Above: St. Paul’s Cathedral, London, England, United Kingdom, 1890-1900
Images Source = Library of Congress
Reproduction Number = LC-DIG-ppmsc-08571
Title from the Detroit Publishing Co., Catalogue J foreign section, Detroit, Mich. : Detroit Publishing Company, 1905
Print no. “11096”
HENRY SCOTT HOLLAND (JANUARY 27, 1847-MARCH 17, 1918)
Anglican Priest and Hymn Writer
Social concern is a great biblical value. Hebrew prophets condemned those who exploited others. And, in the Parable of Lazarus and Dives, the main offense of the latter was that he knew about the presence of the former and did not care for him. Sometimes apathy is the opposite of compassion.
Henry Scott Holland demonstrated compassion. He, educated at Eton then Balloil College, Oxford, joined the ranks of the clergy of The Church of England in 1872. He served at Christ Church Cathedral, Oxford, then at Truro, then at St. Paul’s Cathedral, London, before returning to Oxford. His final position was Professor of Divinity at Oxford, from 1910 to 1918. In 1889 Holland cofounded the Christian Social Union. From 1896 to 1918 he edited its publication, The Commonwealth. The cause of Christian Socialism was close to his heart.
Holland wrote extensively. His works included:
- Creeds and Critics;
- Logic and Life;
- Christ or Ecclesiates;
- On Behalf of Belief;
- God’s Pity;
- Vital Values; and
- A Bundle of Memories.
He also worked on The English Hymnal (1906) and The New Cathedral Psalter (1909). Among Holland’s hymns was “Judge Eternal, Enthroned in Splendour,” which appeared initially in a 1902 issue of The Commonwealth.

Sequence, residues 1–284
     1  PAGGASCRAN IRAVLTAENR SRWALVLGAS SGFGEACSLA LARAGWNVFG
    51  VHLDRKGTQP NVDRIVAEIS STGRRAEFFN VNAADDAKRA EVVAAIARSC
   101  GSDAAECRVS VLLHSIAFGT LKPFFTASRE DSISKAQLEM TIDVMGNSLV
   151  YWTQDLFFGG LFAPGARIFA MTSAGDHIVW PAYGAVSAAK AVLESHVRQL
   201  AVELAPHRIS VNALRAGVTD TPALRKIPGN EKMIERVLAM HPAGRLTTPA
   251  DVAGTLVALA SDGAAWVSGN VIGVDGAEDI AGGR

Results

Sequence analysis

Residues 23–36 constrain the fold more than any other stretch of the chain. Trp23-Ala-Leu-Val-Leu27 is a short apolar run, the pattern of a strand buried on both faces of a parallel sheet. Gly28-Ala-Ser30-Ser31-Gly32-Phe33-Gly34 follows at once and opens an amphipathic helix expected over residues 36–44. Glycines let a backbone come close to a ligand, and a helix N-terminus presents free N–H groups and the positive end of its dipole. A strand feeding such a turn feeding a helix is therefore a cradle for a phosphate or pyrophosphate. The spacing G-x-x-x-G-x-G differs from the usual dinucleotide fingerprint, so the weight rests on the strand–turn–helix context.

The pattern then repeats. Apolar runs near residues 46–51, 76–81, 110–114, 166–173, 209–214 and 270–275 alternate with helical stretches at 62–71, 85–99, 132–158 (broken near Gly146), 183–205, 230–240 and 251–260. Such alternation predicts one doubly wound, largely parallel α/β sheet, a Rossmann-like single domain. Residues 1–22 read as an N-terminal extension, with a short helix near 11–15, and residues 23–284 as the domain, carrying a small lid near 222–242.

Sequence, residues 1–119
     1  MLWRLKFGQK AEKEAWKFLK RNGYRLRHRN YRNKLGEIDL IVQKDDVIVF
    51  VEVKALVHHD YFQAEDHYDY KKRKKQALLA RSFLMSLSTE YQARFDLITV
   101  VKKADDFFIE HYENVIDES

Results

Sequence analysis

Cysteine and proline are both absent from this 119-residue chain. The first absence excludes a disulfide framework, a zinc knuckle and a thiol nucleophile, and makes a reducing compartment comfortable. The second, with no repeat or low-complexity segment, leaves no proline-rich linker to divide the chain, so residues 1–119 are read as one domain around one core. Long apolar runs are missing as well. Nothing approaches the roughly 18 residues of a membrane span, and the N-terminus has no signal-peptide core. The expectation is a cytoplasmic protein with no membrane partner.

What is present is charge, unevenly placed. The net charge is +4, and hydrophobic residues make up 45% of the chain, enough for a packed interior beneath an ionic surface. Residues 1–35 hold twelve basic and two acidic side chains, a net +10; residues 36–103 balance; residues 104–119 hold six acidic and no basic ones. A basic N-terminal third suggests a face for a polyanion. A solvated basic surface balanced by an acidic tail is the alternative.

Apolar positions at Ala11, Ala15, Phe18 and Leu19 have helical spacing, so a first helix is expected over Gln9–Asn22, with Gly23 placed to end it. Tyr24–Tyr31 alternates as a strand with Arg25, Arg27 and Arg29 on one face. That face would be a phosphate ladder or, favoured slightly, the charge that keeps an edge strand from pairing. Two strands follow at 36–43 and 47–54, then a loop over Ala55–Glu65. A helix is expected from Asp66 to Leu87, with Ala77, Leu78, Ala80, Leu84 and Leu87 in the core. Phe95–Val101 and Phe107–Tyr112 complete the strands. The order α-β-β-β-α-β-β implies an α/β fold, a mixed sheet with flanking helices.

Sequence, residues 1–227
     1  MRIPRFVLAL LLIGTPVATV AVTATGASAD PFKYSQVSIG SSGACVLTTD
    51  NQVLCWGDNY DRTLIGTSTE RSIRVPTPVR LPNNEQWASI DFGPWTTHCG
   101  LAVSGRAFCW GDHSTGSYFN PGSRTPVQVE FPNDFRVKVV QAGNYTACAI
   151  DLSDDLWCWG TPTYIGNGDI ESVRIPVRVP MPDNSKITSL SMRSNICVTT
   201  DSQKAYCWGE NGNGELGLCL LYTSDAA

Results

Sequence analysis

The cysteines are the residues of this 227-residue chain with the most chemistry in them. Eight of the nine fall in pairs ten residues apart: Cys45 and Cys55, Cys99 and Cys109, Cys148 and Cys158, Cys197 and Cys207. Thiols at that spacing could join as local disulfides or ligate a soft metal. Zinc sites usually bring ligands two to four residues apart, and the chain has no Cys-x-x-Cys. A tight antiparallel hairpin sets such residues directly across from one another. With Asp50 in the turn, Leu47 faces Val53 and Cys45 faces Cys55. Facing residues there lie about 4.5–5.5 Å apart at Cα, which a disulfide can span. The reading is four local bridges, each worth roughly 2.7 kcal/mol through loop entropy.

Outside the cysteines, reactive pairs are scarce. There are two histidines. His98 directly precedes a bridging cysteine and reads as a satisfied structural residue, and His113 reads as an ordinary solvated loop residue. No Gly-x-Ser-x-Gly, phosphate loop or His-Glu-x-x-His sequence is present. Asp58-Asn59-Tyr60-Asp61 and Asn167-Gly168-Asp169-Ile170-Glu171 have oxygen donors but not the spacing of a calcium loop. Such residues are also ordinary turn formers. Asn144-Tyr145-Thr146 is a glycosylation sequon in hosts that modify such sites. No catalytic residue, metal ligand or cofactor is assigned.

Judge eternal, throned in splendour,
Lord of lords and King of kings,
With thy living fire of judgement
Purge this land of bitter things;
Solace all its wide dominion
With the healing of thy wings.
Still the weary folk are pining
For the hour that brings release,
And the city’s crowded clangor
Cried aloud for sin to cease;
And the homesteads and the woodlands
Plead in silence for their peace.
Crown, O God, thine own endeavour,
Cleave our darkness with thy sword;
Feed the faint and hungry heathen
With the richness of thy word;
Cleanse the body of this nation
Through the glory of the Lord.
The Latin inscription on Holland’s memorial at Christ Church Cathedral, Oxford, translates as:
As beholding God invisible, he was unceasingly founding on earth His Heavenly Kingdom, in unshaken faith, lively hope, joyous love.
KENNETH RANDOLPH TAYLOR
JANUARY 15, 2013 COMMON ERA
THE FEAST OF MARTIN LUTHER KING, JR., NATIONAL BAPTIST PASTOR
O God, your Son came among us to serve and not to be served, and to give his life for the life of the world.
Lead us by his love to serve all those to whom the world offers no comfort and little help.
Through us give hope to the hopeless,
love to the unloved,
peace to the troubled, and
rest to the weary,
through Jesus Christ, our Savior and Lord,
who lives and reigns with you and the Holy Spirit, one God, now and forever. Amen.
—Evangelical Lutheran Worship (2006), page 60
Revised on December 24, 2016